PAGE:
The Indiana Department of Education is working feverishly to write the rules for how parents will apply for school vouchers. When that's done, I hope it will work on providing parents some guidance on school choice.
Between open enrollment in some school districts, charter schools and vouchers for nonpublic schools in a few weeks, parents could use some guidance on how to shop for a school.
It's a good problem to have, one that didn't exist for many parents until relatively recently.
Open enrollment came about when the state assumed the lion's share of the cost of operating schools in Indiana. With the state picking up the tab, the reasoning goes, why not allow students to attend school outside their district, as long as there is room in that district?
Charter schools are a relatively new development, too. These are public schools that sign a contract, in essence, promising to deliver a quality education in exchange for more latitude in how the school operates. If the schools fail to deliver on their promise, the charter can be revoked.
Nonpublic schools -- typically religious schools -- have been around a long time, but affordability has been a barrier for many families. The voucher system changes that. For qualifying families, the state will pay the private school as much as 90 percent of the cost of educating that child at a traditional public school in the child's home district.
Parents have some difficult choices ahead.
If they have more than one child, they're going to have to decide how much running around town they want to do. Is having the children at the same school more important than deciding which school is best for each individual child? Logistics can dictate that answer.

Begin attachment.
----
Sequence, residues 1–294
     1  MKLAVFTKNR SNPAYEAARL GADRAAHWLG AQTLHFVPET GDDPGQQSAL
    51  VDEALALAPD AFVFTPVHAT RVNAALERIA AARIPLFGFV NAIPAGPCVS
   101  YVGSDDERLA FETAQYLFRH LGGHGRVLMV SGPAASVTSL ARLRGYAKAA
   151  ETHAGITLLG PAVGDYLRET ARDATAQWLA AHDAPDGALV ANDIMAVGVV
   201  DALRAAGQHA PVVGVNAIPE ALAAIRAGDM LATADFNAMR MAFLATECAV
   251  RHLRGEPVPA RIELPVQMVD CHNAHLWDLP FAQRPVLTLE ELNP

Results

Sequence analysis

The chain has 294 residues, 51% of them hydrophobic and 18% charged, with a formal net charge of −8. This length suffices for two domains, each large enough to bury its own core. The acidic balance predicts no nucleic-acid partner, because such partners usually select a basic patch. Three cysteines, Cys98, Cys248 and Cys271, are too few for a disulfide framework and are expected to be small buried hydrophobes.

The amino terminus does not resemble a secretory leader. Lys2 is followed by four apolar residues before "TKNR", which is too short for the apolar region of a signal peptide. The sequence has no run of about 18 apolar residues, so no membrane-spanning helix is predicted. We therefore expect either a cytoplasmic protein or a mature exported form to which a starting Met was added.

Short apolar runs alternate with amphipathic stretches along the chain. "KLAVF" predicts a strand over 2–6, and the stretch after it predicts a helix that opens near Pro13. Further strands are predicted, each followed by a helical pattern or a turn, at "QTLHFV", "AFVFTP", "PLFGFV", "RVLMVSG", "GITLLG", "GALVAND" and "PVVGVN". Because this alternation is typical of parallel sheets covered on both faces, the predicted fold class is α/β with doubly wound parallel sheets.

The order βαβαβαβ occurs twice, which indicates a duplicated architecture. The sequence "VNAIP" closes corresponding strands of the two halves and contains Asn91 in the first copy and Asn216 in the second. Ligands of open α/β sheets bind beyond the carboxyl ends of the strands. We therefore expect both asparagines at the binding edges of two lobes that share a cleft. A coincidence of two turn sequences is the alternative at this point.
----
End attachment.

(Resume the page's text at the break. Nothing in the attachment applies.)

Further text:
And what's best for a child? Is a smaller school with a lower class size, and thus more individual attention, the right choice? Or does that child require a broad curriculum?
Is the availability of advanced placement courses and other ways to get a jump-start on college the right choice or is vocational education smarter?
Are there differences in educational philosophy among schools that must be considered? Which extracurricular activities does each school offer, and how should that factor into the decision?
Parents of school-age children have some tough choices ahead. Students in high school probably won't be likely to switch, but there's a lot of flexibility for children in middle school and elementary school.
The Indiana Department of Education pushed hard to make these choices available to parents. Now it needs to provide a guide to parents so they can choose wisely.
Editorial Page Editor Doug Ross can be reached at (219) 548-4360 or (219) 933-3357 or Doug.Ross@nwi.com. The opinion expressed in this column is the writer's and not necessarily that of The Times.